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Ottoneu leagues, available on Fangraphs, are a different beast, and for good reason. Most of the scoring formats are more advanced, there are intense roster requirements and it’s a year-round commitment.

It warrants constant monitoring and tinkering to fully optimize your lineup, and the innings restrictions per roster slot certainly force you to make some shrewd decisions on who to start and who to sit based on matchups. For this reason, depth is critical. It’s easy to get preoccupied with stocking up on prospects (you could fill out your entire 18-man bench with minor leaguers if you wanted) but having reserve starting pitchers and bench bats to slot in on off-days is absolutely necessary.

With that said, here are some recent free agent acquisitions from our RotoBaller experts league that were noteworthy along with the final bid amount and what these players are going for on average in Ottoneu leagues. One thing to keep in mind is the scoring format. This particular league uses Classic Ottoneu 4x4 scoring, which includes HR, R, OBP and SLG for hitters and K, HR/9, ERA and WHIP for pitchers.

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Recently Completed Waiver Auctions (RotoBaller League)

Junior Guerra (SP, MIL) - $1

Average Ottoneu salary $1.85; 18% owned

I touched on Guerra in this week’s Waiver Wire Watch List column, but in a nutshell he’s looked great; much more like 2016 Guerra who shocked the baseball world as a 30-year-old rookie than the 2017 version who struggled. But, he’s very much a pitch-to-contact hurler (8.59 K/9 this season which is higher than his career average) who will require some fortunate circumstances to prevent his ERA from moving north (his xFIP stands at 4.27). Guerra has managed to strand 87.5% of base runners and has limited opposing hitters to a .232 BABIP, both of which should regress to league average over time. He’s definitely more of a single-season play at age 33 but he’s someone worth riding while he’s hot.

Jesus Aguilar (1B, MIL) - $2

Average Ottoneu salary $2.13; 8% owned

Aguilar is exactly the type of low-risk, high-reward player worth adding. He displayed some strong power skills in limited action last season and has carried that over in a part-time role this season, but the injury to Eric Thames opens the door for more playing time. Aguilar is still just 27 years old, so there’s plenty of time for a breakout.

Tony Watson (RP, SF) - $1

Average Ottoneu salary $1.89; 68% owned

The reliever market is one you can get away with not paying for the elite arms and instead drafting cheap and playing the waiver wire, particularly in this format where neither saves nor holds matter. Watson has put up some elite ratios over his career and while he’s never been a strikeout per inning kind of guy, you’ll gladly take the ERA and WHIP security blanket for 65-75 innings. In 13.2 innings this season, Watson has managed 15 strikeouts but his swinging strike rate is actually down to 10.0% from 12.4% in 2017, so that 9.88 K/9 is unlikely to hold. Still, for a buck or two this is a guy you can feel comfortable with in your lineup.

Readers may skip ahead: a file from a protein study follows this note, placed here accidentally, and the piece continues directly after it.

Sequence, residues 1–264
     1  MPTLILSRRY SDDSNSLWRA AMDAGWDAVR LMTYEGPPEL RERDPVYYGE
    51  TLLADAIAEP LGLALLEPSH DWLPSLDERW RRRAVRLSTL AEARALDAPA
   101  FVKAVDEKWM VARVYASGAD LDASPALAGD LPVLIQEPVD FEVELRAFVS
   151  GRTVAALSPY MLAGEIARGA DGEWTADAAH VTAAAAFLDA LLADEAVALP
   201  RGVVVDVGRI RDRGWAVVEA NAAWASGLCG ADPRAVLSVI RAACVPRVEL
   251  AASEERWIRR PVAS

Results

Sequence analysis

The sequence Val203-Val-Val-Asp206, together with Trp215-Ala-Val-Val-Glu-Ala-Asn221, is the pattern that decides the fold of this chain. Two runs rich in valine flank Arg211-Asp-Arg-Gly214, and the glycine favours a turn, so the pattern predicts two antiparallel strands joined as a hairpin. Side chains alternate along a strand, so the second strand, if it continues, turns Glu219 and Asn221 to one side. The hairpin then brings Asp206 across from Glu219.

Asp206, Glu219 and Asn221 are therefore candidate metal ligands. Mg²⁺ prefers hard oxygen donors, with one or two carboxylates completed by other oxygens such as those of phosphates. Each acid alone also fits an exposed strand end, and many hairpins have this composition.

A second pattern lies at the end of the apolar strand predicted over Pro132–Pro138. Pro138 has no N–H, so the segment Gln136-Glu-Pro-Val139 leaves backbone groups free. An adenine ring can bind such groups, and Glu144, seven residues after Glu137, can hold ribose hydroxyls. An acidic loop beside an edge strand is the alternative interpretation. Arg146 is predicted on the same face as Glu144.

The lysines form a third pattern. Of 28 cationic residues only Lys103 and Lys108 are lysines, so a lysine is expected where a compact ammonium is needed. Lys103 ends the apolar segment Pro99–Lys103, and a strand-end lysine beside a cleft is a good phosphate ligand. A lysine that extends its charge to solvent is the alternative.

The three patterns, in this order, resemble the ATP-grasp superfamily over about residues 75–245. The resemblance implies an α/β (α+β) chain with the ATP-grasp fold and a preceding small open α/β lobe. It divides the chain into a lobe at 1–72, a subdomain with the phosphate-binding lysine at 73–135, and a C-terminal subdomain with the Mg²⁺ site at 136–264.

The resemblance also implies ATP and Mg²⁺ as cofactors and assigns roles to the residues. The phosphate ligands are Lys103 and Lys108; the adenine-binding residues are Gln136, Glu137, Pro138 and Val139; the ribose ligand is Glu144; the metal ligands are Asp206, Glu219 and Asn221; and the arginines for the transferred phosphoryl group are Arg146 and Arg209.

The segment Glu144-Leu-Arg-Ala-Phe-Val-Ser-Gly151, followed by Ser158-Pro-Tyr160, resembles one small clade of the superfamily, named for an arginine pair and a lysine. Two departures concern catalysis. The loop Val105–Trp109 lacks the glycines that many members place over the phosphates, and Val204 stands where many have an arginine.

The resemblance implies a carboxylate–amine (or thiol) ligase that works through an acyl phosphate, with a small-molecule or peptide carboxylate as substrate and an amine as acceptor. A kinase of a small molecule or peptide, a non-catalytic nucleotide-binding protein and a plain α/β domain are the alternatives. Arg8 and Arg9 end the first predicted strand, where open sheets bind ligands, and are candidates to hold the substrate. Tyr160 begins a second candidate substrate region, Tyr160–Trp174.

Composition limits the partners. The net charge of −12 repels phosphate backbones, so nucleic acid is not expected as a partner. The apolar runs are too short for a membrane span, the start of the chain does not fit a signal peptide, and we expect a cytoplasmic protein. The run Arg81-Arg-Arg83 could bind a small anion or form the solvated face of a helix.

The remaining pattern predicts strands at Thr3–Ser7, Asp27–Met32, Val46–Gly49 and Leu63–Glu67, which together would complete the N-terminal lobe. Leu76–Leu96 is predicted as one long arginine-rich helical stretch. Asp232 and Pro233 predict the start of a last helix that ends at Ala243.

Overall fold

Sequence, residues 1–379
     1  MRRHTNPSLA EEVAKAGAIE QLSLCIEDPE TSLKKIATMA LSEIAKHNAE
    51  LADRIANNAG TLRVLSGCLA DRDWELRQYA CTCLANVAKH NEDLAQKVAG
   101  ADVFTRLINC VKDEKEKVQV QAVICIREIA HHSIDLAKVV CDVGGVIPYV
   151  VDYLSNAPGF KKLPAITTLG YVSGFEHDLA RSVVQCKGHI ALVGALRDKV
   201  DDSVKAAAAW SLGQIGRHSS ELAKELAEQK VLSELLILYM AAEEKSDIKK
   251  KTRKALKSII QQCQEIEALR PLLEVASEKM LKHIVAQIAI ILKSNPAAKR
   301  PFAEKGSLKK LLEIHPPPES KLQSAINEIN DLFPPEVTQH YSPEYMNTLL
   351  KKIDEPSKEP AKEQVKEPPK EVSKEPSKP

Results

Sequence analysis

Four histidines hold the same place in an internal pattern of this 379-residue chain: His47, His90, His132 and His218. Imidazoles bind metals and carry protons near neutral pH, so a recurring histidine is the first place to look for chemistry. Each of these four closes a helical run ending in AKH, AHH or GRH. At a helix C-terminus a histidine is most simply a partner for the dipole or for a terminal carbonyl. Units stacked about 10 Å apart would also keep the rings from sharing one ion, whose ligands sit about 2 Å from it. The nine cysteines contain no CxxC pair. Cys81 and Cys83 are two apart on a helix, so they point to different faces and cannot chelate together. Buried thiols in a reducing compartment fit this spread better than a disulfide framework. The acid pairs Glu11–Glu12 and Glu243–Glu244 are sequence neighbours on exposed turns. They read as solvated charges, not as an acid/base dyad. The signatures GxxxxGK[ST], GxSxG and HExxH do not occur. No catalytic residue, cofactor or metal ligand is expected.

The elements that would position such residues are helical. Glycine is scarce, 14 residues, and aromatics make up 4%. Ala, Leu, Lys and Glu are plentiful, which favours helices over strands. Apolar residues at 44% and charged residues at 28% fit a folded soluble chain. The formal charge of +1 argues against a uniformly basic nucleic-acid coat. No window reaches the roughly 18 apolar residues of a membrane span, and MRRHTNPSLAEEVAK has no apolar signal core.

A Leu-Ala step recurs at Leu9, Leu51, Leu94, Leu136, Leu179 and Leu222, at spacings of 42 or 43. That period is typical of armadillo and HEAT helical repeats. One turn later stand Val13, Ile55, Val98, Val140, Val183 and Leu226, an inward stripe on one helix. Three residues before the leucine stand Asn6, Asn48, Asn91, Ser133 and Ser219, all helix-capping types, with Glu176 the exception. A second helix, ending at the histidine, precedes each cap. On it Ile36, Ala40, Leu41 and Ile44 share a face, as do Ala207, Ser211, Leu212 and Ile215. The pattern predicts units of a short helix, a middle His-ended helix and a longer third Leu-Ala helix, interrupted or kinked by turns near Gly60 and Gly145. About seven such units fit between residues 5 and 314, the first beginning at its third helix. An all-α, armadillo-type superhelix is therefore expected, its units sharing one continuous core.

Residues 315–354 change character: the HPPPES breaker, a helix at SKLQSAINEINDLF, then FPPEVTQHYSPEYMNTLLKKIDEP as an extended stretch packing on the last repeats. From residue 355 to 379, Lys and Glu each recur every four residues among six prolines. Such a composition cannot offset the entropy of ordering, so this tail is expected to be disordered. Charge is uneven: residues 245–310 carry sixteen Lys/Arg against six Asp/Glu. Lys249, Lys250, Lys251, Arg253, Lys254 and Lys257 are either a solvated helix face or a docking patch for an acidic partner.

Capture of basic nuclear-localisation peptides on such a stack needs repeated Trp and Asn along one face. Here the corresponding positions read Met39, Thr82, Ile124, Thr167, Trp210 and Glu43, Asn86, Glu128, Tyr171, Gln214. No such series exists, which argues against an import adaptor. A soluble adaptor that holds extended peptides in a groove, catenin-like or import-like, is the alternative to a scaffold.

Mallex Smith (OF, TB) - $1

Average Ottoneu salary $2.69; 57% owned

Smith loses significant value due to the absence of steals in our Ottoneu Classic 4x4 scoring format that includes HR, R, OBP and SLG. However, he’s getting on base at a .385 clip and has actually elevated his SLG to .402. He’ll need to hit at the top of the lineup to be a factor in the runs category. At just 24 years old and at this cost, Smith isn’t a bad pickup in this format as he could significantly out-earn his price tag.

Kurt Suzuki (C, ATL) - $3

Average Ottoneu salary $1.53; 83% owned

It’s a bit shocking Suzuki went unclaimed until now based on his hot start. He’s no spring chicken, but catchers often peak later in their careers at the dish due to their commitment to defense first. Suzuki appears to be no different. In just 309 plate appearances last season in Atlanta, Suzuki swatted 19 homers with a .536 SLG. Though he was expected to split time with Tyler Flowers again this season, an injury to Flowers early in the year forced Suzuki into full time duty and he’s responded with four home runs, 13 runs scored and a .372 OBP in 22 games. He’s even posted a 1.00 strikeout-to-walk ratio despite a career 0.53 mark. It’s certainly possible he’s turned a corner in his mid-thirties, and while he’s not dynasty league material, he’s an outstanding backup catcher at the very least and potentially much more if he continues to play nearly every day now that Flowers is healthy.

 

Ottoneu's most added players in the last seven days:

Daniel Robertson (now 59% owned)
Mac Williamson (now 63% owned)
Nick Kingham (now 34% owned)
Marco Gonzales (now 47% owned)
Tony Cingrani (now 45% owned)

 

More Ottoneu Analysis and Strategy





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